Gaia mapping the stars of the Milky Way
Gaia mapping the stars of the Milky Way. ESA/ATG medialab; background: ESO/S. Brunier, CC BY-NC

The European Space Agency’s (Esa) Gaia mission has just released new data. The Gaia satellite was launched in 2013, with the aim of measuring the precise positions of a billion stars. In addition to measuring the stars’ positions, speeds and brightness, the satellite has collected data on a huge range of other objects.

There’s a lot to make astronomers excited. Here are five of our favourite insights that the data might provide.

1. Secrets of our galaxy’s past and future

Everything in space is moving, and the stars are no exception. The latest release of data contains the largest three-dimensional map of the Milky Way ever produced – showing how the stars in our galaxy are travelling. Previous data included the motions of stars in two dimensions: up-down and left-right (known collectively as stars’ proper motions). But the latest data also shows how quickly stars are moving away from us or towards us, something we call the stars’ radial velocities.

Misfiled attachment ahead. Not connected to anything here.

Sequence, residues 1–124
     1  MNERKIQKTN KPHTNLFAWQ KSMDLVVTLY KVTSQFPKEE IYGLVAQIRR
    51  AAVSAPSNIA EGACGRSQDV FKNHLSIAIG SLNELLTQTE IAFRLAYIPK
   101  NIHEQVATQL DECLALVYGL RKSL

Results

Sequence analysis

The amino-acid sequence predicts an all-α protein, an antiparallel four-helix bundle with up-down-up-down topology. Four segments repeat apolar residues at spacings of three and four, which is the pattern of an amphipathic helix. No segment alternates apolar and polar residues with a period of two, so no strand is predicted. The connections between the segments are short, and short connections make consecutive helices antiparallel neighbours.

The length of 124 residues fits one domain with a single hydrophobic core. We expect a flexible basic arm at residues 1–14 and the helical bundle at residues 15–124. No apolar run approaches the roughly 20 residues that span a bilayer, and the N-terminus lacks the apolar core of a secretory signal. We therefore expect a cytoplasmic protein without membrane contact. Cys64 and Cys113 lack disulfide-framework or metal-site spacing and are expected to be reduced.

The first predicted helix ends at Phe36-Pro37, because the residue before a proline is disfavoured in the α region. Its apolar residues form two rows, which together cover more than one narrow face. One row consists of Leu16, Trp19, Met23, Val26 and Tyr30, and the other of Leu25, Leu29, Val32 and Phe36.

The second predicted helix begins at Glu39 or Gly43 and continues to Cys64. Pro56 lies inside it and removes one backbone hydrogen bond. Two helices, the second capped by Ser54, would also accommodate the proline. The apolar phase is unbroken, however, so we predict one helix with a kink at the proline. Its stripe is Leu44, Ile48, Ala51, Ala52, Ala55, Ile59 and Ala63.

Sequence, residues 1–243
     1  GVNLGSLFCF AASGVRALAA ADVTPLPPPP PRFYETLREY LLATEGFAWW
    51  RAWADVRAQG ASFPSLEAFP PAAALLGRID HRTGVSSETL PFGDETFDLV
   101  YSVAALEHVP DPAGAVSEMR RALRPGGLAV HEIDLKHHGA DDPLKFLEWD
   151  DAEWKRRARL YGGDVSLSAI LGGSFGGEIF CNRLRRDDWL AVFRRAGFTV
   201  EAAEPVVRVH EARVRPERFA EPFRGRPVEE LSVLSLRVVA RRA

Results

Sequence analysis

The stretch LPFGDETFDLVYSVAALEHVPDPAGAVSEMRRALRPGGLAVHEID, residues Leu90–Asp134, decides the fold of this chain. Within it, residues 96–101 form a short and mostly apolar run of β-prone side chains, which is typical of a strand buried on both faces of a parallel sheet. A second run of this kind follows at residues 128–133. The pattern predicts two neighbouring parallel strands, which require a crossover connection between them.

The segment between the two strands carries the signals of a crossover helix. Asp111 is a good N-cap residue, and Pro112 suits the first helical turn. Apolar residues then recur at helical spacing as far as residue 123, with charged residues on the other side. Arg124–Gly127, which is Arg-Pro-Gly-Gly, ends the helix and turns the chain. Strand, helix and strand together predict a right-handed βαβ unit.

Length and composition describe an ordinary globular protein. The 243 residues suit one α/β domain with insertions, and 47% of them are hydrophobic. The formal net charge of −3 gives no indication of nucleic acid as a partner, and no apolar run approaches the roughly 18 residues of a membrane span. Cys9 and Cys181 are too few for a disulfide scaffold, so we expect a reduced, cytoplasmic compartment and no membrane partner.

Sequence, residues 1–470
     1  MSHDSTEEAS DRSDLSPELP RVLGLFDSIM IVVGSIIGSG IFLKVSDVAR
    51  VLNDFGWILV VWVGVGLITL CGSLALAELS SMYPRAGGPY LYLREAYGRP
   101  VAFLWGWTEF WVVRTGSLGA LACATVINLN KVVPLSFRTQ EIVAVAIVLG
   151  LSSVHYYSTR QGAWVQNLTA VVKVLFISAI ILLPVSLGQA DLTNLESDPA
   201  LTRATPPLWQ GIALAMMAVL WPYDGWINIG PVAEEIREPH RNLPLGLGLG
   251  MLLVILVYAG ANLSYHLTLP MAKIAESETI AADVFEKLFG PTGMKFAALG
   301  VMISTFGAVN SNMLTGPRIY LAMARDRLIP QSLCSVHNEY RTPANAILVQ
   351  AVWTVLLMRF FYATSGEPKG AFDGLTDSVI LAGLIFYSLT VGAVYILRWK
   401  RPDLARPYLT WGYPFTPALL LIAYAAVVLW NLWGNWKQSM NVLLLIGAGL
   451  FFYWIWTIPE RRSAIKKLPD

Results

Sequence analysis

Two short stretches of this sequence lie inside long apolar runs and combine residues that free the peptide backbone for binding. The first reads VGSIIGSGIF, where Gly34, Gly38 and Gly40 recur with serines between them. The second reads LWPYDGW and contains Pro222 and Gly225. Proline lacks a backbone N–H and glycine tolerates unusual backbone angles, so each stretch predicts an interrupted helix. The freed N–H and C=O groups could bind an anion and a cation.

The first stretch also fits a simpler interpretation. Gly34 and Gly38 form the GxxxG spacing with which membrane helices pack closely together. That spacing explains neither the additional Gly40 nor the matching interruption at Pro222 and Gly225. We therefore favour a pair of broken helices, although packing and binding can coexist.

By combining the radial velocity with the proper motions, we can find out how quickly stars are moving in three dimensions as they orbit the Milky Way. This means we now have not only the best map of where the galaxy’s stars are now, but we can track their motions forward to see how things will change, and backward to see how things used to be.

This can tell us things about our galaxy’s history, such as which stars may have come from other galaxies and merged with our own in the past. Radial velocity measurements can also help us find hidden objects, such as planets and brown dwarfs (extremely faint stars with low mass), from the tiny wobbles they cause as they orbit a host star.

2. Details of how stars die

Gaia is not just measuring the stars in our own galaxy, it also measures those in the neighbouring Andromeda galaxy. The data includes something called Gaps: the Gaia Andromeda photometric survey. A photometric survey measures the brightness of stars and how they change over time. With Gaps, Gaia has measured the brightness over time for every star in the direction of the Andromeda galaxy.